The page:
BRUSSELS -- The date's not yet set, but Scots are on the verge of being asked if they want independence from the United Kingdom.
For a long time it seemed that most Scots would favor staying in the union, but polls in recent weeks have indicated that opinion is equally split between the two camps.
Much will depend on how the referendum, expected by 2014, will be put.
British Prime Minister David Cameron is due in Edinburgh on February 16 for talks with the head of Scotland's devolved government, Alex Salmond, in an effort to agree the referendum's terms.
The British government wants a straight in-or-out question whereas Scotland's devolved government, dominated by the pro-independence Scottish National Party (SNP), has been toying with the idea of asking two questions: one about independence and one about whether Scotland should acquire more powers inside the United Kingdom -- a move short of independence known as "devolution max."
The SNP has also pushed for 16- and 17-year-olds to be allowed to vote -- the legal voting age is currently 18. Youngsters tend to be more pro-independence.
How would a Scottish separation from the United Kingdom look?
It's likely to be a velvet divorce. The Scots would keep Queen Elizabeth II as their head of state and retain the British pound as their currency.
But there are tricky issues, such as the fate of the British Army's nuclear submarines, which currently are parked in Scotland's deep lochs.
"We don't want to have nuclear submarines on Scottish soil," says Nicola Sturgeon, the deputy first minister of Scotland, "We would not have them if Scotland was to be independent. Many people in Scotland see the ability not to have weapons of mass destruction on our soil and territorial waters to be one of the great advantages and reasons to vote for independence."
Even so, finding an alternative location for the submarines could take some time, raising the scenario that London's nuclear weapons could end up stored in a foreign country.
Would an independent Scotland automatically be part of the European Union?
No one knows for sure, since there is no historical precedent and there is nothing in the EU treaties about what to do if a part of a country that already is a member state becomes independent.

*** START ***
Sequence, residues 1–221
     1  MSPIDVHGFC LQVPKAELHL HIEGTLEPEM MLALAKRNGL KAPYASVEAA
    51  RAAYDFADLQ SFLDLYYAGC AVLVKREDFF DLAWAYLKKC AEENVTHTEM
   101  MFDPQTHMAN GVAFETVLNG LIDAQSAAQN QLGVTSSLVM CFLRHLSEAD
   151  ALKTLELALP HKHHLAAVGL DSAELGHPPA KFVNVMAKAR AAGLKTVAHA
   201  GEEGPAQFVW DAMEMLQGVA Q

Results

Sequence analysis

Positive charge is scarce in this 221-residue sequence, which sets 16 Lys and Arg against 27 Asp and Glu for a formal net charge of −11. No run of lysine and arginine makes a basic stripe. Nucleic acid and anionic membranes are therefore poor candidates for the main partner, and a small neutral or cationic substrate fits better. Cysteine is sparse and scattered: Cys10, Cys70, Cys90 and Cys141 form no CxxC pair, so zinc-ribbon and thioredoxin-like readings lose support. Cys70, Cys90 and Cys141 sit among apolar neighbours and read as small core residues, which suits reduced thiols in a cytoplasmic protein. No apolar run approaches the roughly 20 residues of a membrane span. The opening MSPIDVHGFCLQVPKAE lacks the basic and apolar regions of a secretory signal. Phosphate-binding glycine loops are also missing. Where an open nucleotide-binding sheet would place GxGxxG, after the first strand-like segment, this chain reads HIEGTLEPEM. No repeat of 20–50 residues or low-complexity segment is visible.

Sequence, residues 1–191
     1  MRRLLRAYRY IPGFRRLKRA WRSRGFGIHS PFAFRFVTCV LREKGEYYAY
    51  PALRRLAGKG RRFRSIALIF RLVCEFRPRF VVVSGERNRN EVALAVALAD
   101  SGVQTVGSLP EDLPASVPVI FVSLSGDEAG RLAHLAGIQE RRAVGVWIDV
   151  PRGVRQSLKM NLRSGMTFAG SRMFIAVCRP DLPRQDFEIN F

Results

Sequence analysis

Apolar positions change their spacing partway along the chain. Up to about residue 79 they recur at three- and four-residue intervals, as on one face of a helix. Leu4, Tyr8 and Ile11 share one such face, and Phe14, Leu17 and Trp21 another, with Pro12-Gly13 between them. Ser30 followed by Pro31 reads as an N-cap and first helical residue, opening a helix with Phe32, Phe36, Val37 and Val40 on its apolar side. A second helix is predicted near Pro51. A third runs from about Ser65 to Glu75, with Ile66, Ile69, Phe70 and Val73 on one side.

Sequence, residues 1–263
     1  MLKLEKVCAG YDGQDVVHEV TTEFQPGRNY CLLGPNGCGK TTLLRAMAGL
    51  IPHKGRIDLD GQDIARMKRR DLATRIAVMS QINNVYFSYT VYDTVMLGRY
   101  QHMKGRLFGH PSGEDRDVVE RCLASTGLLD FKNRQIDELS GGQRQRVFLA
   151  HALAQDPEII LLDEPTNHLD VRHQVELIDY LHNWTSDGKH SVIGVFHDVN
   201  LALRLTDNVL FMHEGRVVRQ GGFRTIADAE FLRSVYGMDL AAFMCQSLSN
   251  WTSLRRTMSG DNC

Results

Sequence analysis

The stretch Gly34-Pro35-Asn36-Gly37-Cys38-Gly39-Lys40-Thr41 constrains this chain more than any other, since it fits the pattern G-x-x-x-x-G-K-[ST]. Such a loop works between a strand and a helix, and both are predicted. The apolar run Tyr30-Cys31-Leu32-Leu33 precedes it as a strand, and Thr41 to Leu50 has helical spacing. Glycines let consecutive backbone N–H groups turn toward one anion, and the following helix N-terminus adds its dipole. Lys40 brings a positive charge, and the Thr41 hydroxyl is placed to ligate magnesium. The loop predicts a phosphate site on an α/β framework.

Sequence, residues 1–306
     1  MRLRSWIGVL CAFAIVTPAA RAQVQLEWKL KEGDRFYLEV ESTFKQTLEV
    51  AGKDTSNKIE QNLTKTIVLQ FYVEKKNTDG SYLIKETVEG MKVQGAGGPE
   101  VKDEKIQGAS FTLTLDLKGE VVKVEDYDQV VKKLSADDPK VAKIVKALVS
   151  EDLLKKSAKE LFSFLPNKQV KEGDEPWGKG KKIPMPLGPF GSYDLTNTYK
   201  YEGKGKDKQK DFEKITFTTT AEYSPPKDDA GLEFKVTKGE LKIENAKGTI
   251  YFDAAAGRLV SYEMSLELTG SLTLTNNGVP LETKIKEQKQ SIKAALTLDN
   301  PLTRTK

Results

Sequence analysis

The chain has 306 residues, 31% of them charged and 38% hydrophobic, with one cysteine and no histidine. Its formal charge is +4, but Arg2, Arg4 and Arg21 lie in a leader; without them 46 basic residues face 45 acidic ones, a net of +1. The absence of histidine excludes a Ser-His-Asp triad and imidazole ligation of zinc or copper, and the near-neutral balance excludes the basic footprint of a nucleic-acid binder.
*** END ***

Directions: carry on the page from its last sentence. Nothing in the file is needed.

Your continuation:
Some argue that Scotland is a successor state to the United Kingdom and that the rest of the U.K. also would have to reapply to join the EU if Scotland were forced to do so.
Alyn Smith, a European member of parliament (MEP) for the SNP, says that Scotland automatically will become an EU member after settling a few issues with Brussels such as the number of Scottish MEPs , the portfolio of the Scottish EU commissioner, and the voting power of the new country.
"We will change our relationship in that we move from the second carriage of the train to the first-class carriage of the train. But that's it," he says.
But others are of the opinion that Scotland might have to go through some sort of accession talks similar to those of other EU candidate countries -- though it's unclear if Scotland would have to leave the EU before applying to join again.
Would an independent Scotland have to adopt the euro?
If Scotland is a successor state to the United Kingdom, it would inherit the United Kingdom's opt-out to the single currency. At the same time, all new member states must one day join the euro.
How to square those opposing arguments is unclear. But the most likely precedent here is Sweden, which has pledged to join the euro in the future but rejected membership through a referendum in 2003 and has stayed out ever since.
Would other EU member states accept Scotland into the club?
Fabian Zuleeg, of the Brussels-based the European Policy Center think tank, says Scottish independence would raise fears in countries such as Spain where certain separatist-minded regions might seek to copy Scotland.
"There will be worries how this could serve as a positive precedent to other movements within the EU," he says. "So I think that the Scottish would have to convince the other partners that they would be a good partner within the European policymaking environment and that their case is a special one which would not serve as a precedent for others."